Actors: Shahrukh Khan and Vivek Mushran
Actresses: Juhi Chawla
Music Rating: 6 out of 10
Review: I don’t often venture into the world of Bollywood pre-1998. It seems that around the time of Kuch Kuch Hota Hai there was a massive shift in the production quality and singing styles (particularly for the female voice), both of which I much prefer in the more modern form. However, watching modern Bollywood creates a certain fan following for the popular actors. Seeing both Shahrukh Khan and Juhi Chawla in this 1995 film Ram-Jaane sparked my interest, and I have to say that I was not at all disappointed.
Juhi Chawla was a vision of loveliness and I have never seen a movie in which Shahrukh gives a disappointing performance. The storyline was very good as well. Ram-Jaane, played by Shahruhk, and Murli, played by Vivek Mushran, are both orphans who become childhood friends. Ram-Jaane chooses a life of crime, whereas Murli chooses a life of service to others, most notably in the form of running an orphanage for boys. Bela, played by Juhi, was also a childhood friend of both, and both subsequently fell in love with her. Murli, who never thinks of himself, tries to have her end up with Ram-Jaane even though she loves Murli, but Murli believes that she can help reform Ram and turn him from the path of crime.
Ram-Jaane eventually becomes a crime boss and starts to use some of the older boys from Murli’s school in his crimial activity. Eventually caught by the police after trying to save Murli’s school and the boys from destruction, Ram-Jaane is sentenced to execution. It is only at this point, near the end of the movie, do I begin to think…”hey wait a minute! This seems familiar!” Wasn’t there some old Hollywood movie that had this plot? Something with James Cagney? A friend of mine suggested that it might be the 1938 film Angels With Dirty Faces, so I read the plot for the movie, and item for item it is nearly identical. I suppose it shouldn’t be too much of a surprise–Bollywood does this all the time, but I guess the fact that I didn’t pick up on it till the end provided the shock value. It is a great story though, so well worth the time. The one thing that Angels With Dirty Faces didn’t have was Juhi Chawla (or any loves interest if memory serves–The Murli character, afterall, was a Catholic priest), so that alone would make it wirth the price of admission. Speaking of Catholicism, I did notice pictures of the Immaculate Heart of Mary hanging up in the boys dorm even though the orphanage seemed to be mostly Hindi–perhaps it was an allusion to the earlier film.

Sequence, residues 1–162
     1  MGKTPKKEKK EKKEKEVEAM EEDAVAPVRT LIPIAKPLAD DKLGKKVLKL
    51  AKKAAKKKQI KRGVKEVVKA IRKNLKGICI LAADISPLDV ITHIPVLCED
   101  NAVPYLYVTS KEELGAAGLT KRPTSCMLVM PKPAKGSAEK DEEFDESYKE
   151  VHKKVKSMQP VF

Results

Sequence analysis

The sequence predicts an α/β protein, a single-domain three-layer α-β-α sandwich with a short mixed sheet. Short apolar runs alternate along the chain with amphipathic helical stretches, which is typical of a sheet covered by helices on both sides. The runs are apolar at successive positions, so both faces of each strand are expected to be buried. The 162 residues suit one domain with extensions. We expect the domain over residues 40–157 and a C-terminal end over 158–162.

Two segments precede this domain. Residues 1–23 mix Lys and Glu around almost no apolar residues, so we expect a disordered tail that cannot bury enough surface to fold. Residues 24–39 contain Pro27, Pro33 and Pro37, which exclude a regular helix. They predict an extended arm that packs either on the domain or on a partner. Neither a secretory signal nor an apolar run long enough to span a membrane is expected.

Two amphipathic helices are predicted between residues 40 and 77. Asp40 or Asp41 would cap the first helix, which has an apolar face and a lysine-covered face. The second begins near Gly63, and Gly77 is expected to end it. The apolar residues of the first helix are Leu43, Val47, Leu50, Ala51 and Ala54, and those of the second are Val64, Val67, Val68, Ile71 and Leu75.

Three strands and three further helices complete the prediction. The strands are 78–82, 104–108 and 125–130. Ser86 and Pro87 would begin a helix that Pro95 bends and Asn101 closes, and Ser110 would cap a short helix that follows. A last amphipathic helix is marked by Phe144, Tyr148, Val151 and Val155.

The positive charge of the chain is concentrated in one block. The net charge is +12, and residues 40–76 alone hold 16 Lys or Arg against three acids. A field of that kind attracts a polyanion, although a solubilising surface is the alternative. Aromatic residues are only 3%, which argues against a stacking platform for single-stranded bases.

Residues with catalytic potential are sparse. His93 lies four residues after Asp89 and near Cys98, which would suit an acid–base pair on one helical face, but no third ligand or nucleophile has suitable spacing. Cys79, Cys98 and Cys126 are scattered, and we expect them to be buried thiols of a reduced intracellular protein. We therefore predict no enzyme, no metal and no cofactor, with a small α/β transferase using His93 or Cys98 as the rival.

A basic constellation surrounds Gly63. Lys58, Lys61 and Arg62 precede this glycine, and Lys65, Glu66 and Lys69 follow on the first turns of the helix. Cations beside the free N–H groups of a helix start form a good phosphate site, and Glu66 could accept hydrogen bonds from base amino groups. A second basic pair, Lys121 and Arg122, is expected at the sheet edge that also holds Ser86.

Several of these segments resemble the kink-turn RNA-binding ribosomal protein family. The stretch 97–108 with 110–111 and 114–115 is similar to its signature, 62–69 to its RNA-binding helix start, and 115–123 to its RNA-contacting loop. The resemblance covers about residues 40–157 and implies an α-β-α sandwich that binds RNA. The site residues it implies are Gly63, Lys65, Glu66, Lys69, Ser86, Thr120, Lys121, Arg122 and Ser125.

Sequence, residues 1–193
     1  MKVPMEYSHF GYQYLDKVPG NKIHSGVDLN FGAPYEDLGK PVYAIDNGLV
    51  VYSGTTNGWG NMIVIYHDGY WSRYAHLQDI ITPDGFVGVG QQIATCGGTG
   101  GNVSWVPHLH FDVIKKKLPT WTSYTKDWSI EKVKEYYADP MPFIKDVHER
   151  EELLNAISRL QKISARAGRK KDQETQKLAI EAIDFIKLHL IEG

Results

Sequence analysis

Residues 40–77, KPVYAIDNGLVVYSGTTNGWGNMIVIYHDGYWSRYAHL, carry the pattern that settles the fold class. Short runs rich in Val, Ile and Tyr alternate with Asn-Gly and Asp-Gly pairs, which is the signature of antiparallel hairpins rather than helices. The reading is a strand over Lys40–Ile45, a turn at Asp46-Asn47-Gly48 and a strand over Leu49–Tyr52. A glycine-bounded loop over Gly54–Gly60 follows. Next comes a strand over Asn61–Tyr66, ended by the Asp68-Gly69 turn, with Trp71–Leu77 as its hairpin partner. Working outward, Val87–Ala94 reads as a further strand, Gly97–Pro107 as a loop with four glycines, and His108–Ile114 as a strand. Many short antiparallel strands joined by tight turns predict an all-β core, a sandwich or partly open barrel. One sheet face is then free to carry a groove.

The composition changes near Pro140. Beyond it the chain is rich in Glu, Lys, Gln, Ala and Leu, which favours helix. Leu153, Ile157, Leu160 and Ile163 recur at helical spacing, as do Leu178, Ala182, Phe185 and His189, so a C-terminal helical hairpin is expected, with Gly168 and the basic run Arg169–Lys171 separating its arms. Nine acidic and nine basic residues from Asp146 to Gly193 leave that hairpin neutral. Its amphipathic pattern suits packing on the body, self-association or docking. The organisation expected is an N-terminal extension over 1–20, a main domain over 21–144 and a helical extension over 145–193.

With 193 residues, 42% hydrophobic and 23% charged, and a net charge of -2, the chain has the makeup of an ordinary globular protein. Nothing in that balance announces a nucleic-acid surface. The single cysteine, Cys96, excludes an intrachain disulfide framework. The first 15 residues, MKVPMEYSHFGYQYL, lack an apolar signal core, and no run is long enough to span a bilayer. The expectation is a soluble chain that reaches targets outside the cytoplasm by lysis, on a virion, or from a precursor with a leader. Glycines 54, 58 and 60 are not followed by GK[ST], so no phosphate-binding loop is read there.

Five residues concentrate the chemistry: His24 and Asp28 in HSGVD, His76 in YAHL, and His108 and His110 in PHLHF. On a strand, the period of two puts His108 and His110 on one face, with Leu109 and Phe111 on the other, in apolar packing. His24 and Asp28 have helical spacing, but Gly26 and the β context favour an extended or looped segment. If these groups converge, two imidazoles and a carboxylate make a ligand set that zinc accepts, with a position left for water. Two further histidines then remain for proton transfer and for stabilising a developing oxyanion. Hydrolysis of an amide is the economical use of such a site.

Morality: Near the beginning of the movie there was a scene in which the boys of the school were running around in their underwear, and I think one might have been totally naked for a split second–not the kind of thing that would be tolerated in modern film, but apparently 1995 was a more innocent time for that kind of thing.
Songs of Note:
Pump Up the Bhangra
Bum Chiki Chiki Bum
Apun Ki Life Ka Hai To Pehla Love Song
Phenk Hawa Mein Ek Chuma
Chori Chori Chal Oh Gori